In Person: Patrick Greene, chief executive, Epic
The entrance has just opened for the first time in four months - and Patrick Greene beams a smile of relief as a mother and two children walk through the door to buy tickets.
"My fear for weeks has been that we would open the doors and nobody comes," says Greene, CEO of Epic, the Irish Emigration Museum in Dublin's Docklands. "There was every prospect of opening up and no one turning up - a party with no guests."
It's a bit odd to hear this from the director of what is the World Travel Awards' reigning title holder as 'Europe's Leading Tourist Attraction'. The museum, which explores the impact that Irish emigration has made on the world, beat the Acropolis, Colosseum and Eiffel Tower for the honour.
But these are odd days in Ireland - a nation without overseas tourists.
Epic, a €15m digital interactive museum opened in 2016 by former Coca-Cola CEO Neville Isdell, is among scores of tourist attractions that opened their doors on Monday for the first time since March. Most heavily rely on strong flows of visitors from Britain, continental Europe and North America.
In Epic's case, 2020 was supposed to be the year when it finally broke even after four years of visitor growth but net losses. Last year's 256,000 visitors paid somewhere between €8 and €16.50 per visit. Traffic this year was projected to top 300,000, three-quarters from overseas - until Covid-19 turned off the tap of tourism.
"If you were standing here before this happened, we would already have a queue of Americans right there," he says, gesturing across the Epic lobby in the landmark CHQ Building to where tour buses normally disgorge customers. Those buses aren't even operating currently because of the lack of potential passengers.
Epic, like visitor attractions nationwide, is banking on building the flow of domestic customers to minimise losses until air links start to deliver tourists again. For now, 55 full-time staff remain on the State's Covid-19 pay subsidy. But he's unsure what may happen in September if that subsidy isn't extended beyond its current end-of-August cutoff.
"Every tourist attraction is asking the same question. It's a major question mark over the future," Greene says.
"But I'm a born optimist, I think we will be fine. We will build our visitation and, when things improve overseas, we can welcome people back. All the research by Fáilte Ireland and Tourism Ireland shows there's a huge market of people who want to come here. That buoys my optimism."
That optimism is combined with an archaeologist's patience for discovery - qualities honed since his Devon childhood.
His Co Clare-born father, John, had emigrated to England in the 1930s to work as a psychiatric nurse and, when war came, joined the navy. While ashore in Chatham Dockyards in Kent, he attended a night course taught by an Imperial College London-educated biologist named Betty. After three years of wartime separation, John and Betty wed. Two sons followed, Patrick and Kevin. Both became archaeologists.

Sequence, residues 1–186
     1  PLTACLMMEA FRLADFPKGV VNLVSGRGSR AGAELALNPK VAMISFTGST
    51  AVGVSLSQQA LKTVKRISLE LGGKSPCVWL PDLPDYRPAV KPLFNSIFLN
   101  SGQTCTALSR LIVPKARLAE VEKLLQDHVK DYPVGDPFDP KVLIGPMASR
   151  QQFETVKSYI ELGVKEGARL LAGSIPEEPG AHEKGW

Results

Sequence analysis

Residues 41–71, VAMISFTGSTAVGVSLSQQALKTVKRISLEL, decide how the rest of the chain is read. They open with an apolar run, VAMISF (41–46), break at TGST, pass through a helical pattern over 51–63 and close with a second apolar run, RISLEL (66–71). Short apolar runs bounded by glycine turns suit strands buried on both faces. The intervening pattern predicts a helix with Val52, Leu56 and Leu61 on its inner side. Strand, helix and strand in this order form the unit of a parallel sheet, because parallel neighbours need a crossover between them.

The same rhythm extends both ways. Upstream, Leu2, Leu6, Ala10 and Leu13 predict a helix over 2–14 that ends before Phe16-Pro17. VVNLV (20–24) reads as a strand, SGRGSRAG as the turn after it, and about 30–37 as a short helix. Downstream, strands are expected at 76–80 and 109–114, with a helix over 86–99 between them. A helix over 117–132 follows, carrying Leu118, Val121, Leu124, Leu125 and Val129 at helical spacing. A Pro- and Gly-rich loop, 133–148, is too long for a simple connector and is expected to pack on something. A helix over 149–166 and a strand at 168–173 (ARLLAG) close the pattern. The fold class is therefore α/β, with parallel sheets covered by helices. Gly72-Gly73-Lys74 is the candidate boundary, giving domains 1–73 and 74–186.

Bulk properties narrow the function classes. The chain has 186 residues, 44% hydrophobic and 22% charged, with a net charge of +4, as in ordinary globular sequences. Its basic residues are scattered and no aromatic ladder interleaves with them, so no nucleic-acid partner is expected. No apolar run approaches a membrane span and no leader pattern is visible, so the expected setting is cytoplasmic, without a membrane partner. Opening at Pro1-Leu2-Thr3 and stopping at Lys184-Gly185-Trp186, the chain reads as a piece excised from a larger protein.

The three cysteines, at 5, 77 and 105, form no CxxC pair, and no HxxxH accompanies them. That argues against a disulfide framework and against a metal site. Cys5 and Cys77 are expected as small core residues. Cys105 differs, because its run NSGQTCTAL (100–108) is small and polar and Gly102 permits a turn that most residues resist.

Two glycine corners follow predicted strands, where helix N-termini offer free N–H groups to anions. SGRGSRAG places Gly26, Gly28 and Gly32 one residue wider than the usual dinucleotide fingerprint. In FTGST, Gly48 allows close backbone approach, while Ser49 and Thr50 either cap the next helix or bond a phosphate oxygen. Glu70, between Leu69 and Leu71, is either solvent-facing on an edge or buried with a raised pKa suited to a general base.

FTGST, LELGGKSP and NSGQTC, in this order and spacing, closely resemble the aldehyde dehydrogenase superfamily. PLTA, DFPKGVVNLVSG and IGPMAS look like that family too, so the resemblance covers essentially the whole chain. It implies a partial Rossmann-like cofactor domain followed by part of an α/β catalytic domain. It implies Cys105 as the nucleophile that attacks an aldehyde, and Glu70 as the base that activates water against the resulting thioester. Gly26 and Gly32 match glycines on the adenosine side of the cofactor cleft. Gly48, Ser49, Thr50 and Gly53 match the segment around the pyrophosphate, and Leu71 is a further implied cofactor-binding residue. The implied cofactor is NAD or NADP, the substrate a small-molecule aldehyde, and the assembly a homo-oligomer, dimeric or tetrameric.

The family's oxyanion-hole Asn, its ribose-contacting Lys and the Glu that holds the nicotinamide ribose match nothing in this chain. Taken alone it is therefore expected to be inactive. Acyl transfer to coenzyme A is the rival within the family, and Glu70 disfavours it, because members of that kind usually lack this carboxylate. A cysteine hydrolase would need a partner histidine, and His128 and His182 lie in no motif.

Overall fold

"I got involved in archaeology simply by going on to Dartmoor and down to the coast and finding interesting things," Patrick Greene says.
Although he studied food science at Leeds University, Greene joined archaeological digs during school holidays.
"Soon I was given positions of responsibility on the digs. By the time I left university I'd become absolutely enthralled by archaeology," he recalls.
A University of Southampton archaeologist made Greene his deputy, sending him on digs including to Portchester Castle, the Roman fort at the head of Portsmouth Harbour.
In 1971, aged 25, he received a six-month contract from a state developer looking to build a New Town in Runcorn, southwest of Liverpool. The site included a crumbling structure hidden by trees and ferns.
"I went for six months and stayed for 12 years," he says with a laugh. "There was one completely derelict building surrounded by a jungle of vegetation. When you got inside the building, you discovered it was medieval, a 12th century priory. It had been incorporated after the dissolutions of the monasteries into a Tudor house, then a Georgian house."
He led a team in resurrecting Norton Priory, a monastery founded in 1134 and dissolved by Henry VIII in 1536. Discoveries filled a museum that opened on the site in 1982.
His achievements gained the attention of the nearby Manchester council, which was opposing British Rail plans to bulldoze a key but neglected cornerstone of its industrial history. The council appointed him to develop of what would become the city's Museum of Science and Industry.
"At first sight it was not very promising, a group of derelict buildings. But as soon as you scraped below the surface, they were fascinating - because this was the world's oldest railway station," he says.
The site was the terminus for the world's first commercial railway opened in 1830, delivering cotton from Liverpool's docks to Manchester's textile mills. The very first building completed on the site was a cotton warehouse that today forms the heart of the sprawling museum complex.